And with a personal loan, you can choose a repayment term that works for you. You can stretch your payments over three to five years to make them more manageable.

But you shouldn’t enter a personal loan without knowing the drawbacks. While personal loans do tend to have more advantageous interest rates than credit cards, it’s still a form of debt. They cannot be discharged or forgiven. And if you miss a payment, you can damage your credit score.

4. Student credit cards

A credit card can help build your credit history and come in handy for emergencies. And they can be a convenient option for paying for routine purchases like gas or groceries. But getting a credit card as a student can be difficult.

If you’re still in school and do not have a large enough income on your own, you may be able to get a card if you have a co-signer. Or, someone with good credit can add you as an authorized user to their account.

Credit cards tend to have high interest rates – the average is 15.07% – but you have the potential to earn rewards. And if you pay off the balance in full every month, you’ll never pay a cent of interest.

5. Secured credit cards

If you cannot find a company that will approve you for a regular credit card, you may be eligible for a secured card. A secured card is like a credit card with training wheels. With a credit card, you have access to a credit line without putting out money yourself. With a secured credit card, you make a deposit to the credit card company.

Your deposit is your credit line. If you put $500 towards your account, that’s how much you have to spend. If you spend the whole $500, you cannot use the card any more until you make a payment.

With a secured credit card, you get the convenience of a credit card, without the risk of racking up debt. It’s your own money, so you can only spend what you deposit.

You still need to manage your spending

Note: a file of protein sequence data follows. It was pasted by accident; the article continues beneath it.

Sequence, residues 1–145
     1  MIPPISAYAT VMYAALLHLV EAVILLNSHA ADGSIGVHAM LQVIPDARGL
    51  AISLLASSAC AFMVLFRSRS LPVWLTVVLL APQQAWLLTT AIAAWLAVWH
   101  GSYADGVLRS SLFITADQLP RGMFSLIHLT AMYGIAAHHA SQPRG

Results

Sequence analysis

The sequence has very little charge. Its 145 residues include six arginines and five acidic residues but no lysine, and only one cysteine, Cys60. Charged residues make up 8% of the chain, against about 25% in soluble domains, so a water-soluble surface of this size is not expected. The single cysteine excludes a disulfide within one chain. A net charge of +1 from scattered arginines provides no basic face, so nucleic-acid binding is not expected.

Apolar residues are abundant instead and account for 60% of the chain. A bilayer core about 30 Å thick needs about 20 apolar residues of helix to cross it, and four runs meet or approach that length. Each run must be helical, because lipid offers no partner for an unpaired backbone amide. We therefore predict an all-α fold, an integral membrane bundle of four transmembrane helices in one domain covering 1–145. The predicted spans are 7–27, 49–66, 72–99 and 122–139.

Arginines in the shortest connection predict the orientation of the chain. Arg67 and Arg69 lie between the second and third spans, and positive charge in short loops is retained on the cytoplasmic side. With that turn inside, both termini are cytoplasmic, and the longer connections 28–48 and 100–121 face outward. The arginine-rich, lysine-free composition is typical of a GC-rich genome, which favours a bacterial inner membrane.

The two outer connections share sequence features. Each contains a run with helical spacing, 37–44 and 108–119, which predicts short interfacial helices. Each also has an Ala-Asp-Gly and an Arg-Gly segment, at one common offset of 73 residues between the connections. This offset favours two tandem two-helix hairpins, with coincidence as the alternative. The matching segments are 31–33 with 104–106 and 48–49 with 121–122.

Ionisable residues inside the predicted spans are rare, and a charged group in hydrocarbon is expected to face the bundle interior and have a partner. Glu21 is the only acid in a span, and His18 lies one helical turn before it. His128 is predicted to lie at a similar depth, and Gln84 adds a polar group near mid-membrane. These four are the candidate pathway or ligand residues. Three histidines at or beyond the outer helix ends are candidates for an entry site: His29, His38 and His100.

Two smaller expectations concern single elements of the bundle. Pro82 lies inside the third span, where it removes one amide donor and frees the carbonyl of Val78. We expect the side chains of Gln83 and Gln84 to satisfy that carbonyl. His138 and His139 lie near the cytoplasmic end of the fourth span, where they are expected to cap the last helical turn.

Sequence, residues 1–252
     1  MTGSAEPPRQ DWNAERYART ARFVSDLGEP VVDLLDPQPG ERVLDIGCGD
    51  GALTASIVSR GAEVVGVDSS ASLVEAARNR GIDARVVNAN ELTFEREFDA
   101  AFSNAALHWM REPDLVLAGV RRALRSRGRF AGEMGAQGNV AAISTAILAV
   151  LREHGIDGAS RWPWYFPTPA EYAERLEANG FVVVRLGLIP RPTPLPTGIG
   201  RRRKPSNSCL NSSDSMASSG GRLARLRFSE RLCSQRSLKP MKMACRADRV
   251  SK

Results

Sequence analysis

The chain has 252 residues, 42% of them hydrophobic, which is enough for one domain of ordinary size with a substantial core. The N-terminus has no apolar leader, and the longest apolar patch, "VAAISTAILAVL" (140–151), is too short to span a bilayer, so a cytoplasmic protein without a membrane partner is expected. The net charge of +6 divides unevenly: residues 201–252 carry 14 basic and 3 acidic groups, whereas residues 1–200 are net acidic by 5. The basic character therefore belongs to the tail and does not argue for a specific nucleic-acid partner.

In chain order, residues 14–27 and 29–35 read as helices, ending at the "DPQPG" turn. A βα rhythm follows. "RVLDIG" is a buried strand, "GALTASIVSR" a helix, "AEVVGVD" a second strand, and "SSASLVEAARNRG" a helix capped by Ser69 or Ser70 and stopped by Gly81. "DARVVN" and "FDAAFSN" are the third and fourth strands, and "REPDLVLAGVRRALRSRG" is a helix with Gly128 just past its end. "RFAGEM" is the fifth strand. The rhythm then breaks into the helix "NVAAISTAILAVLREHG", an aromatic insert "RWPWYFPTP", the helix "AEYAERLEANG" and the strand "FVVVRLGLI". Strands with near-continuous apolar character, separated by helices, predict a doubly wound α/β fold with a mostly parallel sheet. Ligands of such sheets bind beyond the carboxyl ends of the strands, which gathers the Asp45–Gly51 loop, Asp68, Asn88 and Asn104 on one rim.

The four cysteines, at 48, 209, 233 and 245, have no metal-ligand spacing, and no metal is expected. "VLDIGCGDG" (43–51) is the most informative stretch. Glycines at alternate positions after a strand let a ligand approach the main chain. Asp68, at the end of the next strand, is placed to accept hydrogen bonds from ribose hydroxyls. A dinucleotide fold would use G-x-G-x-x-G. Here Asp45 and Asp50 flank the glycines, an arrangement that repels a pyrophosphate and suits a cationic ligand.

It’s easy to rack up debt while you’re in school. And the many credit lines and loans for students available can balloon your balance, leaving you in a tough position once you graduate. Learning to manage your spending while in school can save you a lot of trouble later on.

Borrow only what you need

When a lender is willing to give you a big loan, it can be tempting to take the full amount, just in case. But taking more than you need can cost you even more over time, thanks to the effects of interest.

Estimate how much you really need to pay for school and borrow the bare minimum. Taking out only what you need will save you money over time and will keep you from making big payments after school.


Books, supplies, groceries and other expenses can add up quickly. Stay ahead of your spending by creating a budget and setting limits for yourself. Creating a budget will help keep you focused and will help limit frivolous spending.

Pay your bills on time

Set reminders for yourself for when your bills are due, including loan and credit card payments. Paying all of your bills on time – and paying off your credit cards in full – will help minimize your debt and boost your credit score.

Credit and loans for students

If you’re a student, there are many forms of credit lines and loans to help you pay for school and living expenses. But choose carefully and limit your debt to ensure you have a secure financial future after graduation.

For more information about managing your expenses, check out this article on how to create a basic college budget.